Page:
I responded to a little challenge from Matt Layman of the Django Riffs podcast Episode 15, User Session Data.
Toward the end of the episode, Matt asked what might happen if over 4k worth of text was passed into
messages if the backend storage method was cookies?
What I found was unexpected.
First, you can put way more than 4 kb worth of text into a
messages message with a cookie backend and sail right on by. The actual max limit is much higher.
But more importantly, looking into this demonstrated exactly the point of the episode overall: diving into a framework can teach you a lot about what governs high level behavior.
I put a sample Django project up,
over4kmessages along with my exploratory path on this topic on github. The README is as follows:
This is a test project to demo Django’s behavior when large amounts of data are passed through the
Episode 15 of Django Riffs podcast focuses on auth, which includes a detailed look at
Toward the end of the episode, Matt Layman (@mblayman) mentions a limit on the size of cookies and asks listeners to report what happens if too much message data is passed through.
How this test project works
settings.py sets the
MESSAGE_STORAGE setting to cookie storage, then the main view takes a trivial form POST and includes a very long string of text.
contacts.const.py file contains increasingly large strings that are duplications of Charles Bukowski’s poem, “Style” These were created using this online text size calculator and verified by saving on disk.
contacts.views.py file contains an easy way to toggle use any of these text blobs to
messages. The project is by default set to use the 166 kb text.
Increasingly large text blocks well beyond the believed 4k max were still allowed to pass through the cookie storage.
However, somewhere between 72kb and 166kb is too much text.
When the 166kb of text is passed as the message in
contacts.views Django throws an exception:
Not all temporary messages could be stored.
This occurs in
It turns out django limits the max cookie size to 2048, in django.contrib.messages.storage.cooky.CookieStorage.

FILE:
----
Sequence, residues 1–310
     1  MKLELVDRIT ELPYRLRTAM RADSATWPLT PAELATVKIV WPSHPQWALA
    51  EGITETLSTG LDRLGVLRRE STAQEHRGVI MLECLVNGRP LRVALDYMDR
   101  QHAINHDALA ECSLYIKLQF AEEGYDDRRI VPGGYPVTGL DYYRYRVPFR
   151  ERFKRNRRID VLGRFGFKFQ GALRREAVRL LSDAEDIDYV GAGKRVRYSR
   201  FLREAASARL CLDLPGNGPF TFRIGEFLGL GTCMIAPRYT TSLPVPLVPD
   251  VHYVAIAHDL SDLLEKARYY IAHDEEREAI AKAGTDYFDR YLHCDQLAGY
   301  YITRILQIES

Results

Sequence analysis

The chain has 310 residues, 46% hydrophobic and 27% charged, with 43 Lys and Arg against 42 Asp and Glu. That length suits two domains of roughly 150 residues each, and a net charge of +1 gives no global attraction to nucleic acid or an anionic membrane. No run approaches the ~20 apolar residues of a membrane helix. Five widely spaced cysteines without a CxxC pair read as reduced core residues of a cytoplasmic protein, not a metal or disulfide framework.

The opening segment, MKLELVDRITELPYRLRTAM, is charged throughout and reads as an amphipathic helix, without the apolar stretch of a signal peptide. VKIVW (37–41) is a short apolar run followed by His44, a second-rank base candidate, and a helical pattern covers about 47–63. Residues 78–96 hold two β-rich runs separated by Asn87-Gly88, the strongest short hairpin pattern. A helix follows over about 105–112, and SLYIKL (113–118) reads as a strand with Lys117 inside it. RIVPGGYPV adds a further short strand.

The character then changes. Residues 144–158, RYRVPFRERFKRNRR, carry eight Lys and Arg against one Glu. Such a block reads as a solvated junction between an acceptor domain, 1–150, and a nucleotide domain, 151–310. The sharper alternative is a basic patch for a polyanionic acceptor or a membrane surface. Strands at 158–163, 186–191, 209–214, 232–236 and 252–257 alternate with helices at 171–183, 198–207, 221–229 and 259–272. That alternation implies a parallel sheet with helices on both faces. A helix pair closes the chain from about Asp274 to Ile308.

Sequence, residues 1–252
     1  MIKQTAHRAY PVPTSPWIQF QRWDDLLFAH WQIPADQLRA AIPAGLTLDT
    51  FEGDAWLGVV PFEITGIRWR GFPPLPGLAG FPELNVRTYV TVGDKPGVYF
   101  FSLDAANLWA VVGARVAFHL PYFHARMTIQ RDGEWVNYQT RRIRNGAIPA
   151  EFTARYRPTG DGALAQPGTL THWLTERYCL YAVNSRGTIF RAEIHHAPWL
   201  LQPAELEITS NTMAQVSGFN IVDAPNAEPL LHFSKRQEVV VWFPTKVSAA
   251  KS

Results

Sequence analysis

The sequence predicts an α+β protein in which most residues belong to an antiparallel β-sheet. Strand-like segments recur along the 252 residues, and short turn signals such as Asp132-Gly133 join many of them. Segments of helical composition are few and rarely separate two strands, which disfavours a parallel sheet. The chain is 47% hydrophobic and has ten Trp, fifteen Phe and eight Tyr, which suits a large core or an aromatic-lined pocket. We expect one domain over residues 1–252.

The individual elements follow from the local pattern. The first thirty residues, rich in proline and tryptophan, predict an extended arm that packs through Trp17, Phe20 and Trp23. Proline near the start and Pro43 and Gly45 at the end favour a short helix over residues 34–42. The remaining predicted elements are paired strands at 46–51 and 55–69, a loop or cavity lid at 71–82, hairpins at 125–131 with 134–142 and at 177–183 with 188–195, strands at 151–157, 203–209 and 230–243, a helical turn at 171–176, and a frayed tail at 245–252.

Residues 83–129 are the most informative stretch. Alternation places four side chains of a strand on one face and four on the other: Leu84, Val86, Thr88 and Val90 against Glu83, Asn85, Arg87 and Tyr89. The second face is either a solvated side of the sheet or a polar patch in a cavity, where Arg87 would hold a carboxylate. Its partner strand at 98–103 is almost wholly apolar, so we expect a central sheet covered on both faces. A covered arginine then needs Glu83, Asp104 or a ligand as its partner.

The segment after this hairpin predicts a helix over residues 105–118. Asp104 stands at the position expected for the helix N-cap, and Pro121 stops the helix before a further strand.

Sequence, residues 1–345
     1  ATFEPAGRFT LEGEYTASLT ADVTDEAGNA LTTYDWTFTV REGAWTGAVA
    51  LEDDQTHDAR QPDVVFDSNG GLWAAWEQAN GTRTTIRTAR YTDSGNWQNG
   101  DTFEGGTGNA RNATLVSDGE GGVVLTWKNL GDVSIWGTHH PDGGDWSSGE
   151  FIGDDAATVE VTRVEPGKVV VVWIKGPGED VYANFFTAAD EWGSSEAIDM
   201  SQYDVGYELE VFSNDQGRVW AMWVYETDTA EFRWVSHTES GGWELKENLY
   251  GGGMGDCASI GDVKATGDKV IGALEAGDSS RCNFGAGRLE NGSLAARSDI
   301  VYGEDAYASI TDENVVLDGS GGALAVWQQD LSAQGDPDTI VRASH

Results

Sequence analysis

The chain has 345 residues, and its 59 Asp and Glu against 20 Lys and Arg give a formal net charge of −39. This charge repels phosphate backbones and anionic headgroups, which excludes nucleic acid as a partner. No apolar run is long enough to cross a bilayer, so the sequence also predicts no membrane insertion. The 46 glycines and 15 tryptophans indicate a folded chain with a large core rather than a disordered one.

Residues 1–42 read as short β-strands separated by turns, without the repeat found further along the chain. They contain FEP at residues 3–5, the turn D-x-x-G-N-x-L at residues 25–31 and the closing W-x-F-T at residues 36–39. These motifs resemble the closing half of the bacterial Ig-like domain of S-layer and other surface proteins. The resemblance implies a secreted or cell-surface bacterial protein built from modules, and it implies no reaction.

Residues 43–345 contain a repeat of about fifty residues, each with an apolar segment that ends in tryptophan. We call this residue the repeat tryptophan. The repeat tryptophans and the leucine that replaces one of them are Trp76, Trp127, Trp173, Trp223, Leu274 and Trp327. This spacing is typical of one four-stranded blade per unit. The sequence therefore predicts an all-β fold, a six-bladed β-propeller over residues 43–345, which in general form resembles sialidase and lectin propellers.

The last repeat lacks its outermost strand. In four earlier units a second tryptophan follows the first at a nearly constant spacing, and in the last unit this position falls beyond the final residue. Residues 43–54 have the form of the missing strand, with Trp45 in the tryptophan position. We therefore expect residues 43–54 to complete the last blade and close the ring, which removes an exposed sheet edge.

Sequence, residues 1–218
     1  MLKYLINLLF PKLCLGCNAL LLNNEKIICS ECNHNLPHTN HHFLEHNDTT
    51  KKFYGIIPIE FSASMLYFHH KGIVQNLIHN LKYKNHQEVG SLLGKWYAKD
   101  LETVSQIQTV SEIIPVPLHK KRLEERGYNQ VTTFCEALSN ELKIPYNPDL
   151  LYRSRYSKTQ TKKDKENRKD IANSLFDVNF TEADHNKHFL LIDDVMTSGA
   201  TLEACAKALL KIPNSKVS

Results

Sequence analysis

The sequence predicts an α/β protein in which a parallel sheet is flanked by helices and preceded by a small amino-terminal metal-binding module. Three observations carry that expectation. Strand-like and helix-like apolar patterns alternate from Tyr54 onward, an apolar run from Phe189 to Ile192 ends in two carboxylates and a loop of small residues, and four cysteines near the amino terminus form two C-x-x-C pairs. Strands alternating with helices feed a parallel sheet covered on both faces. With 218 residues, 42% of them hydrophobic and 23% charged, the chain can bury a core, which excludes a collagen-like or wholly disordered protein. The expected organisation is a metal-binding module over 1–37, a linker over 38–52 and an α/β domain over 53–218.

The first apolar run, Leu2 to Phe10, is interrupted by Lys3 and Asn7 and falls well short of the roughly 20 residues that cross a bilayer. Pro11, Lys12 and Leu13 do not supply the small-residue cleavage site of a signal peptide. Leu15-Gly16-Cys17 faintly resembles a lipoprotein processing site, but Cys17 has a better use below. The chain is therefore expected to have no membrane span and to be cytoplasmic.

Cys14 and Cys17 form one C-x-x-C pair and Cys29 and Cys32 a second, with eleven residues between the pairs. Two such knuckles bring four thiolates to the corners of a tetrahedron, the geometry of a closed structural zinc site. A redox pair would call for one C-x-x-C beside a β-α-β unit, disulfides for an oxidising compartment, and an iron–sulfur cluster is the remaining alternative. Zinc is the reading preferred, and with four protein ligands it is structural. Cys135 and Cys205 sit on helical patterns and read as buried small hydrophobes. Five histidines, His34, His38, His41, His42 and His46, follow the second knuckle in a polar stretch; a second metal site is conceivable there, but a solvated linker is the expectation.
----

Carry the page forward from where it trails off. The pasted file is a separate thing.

A comment in the code point out a decade old Django ticket #18781 which details a need to reduce the max cookie size from what was then 3072 created by django to make room for large headers.
This doesn’t explain why 72kb+ sized message would make it through a cookie. Perhaps, compression is involved here!
contrib.messages.storage.cookie.py for ‘compress’ yields the
_encode() method which passes
message along and a
compress=True argument to
sign_object() has a conditional for
compress that shows the python standard library,
zlib is being used.
That is what is allowing these larger messages to make it through.
- What is the true max text size that can be compressed using
zlib.compress()to duck the 2048 threshold for cookie
- Should django still be using
zlib.compress()to pack data into cookies?
- Really, if we’re passing a long a message to our user on page load, should it be longer than 140 chars anyway?
(Probably not but that’s the opposite of the point of all of this!)
A few more thoughts
After realizing some compression was being done, I wondered why Django chose zlib.compress and whether a faster, more efficient algorithm might exist. I have a few links I came across looking at this idea below.
However, what was more interesting was how deep you can go to find out how a web framework is designed and why. It pointed out a Django core method I wasn’t aware of, and touched on using the Python standard library to get something done.
I used Pycharm to jump into routines and pause the debugger where the exception occurred. A simple question can lead to a deep exploration if you’re willing to debug.
References for more on compression
- Writing a custom compression method to outperform
Don Cross, Winning the Data Compression Game
- Question related to improving on
Stack Overflow, zlib compress() produces awful compression rate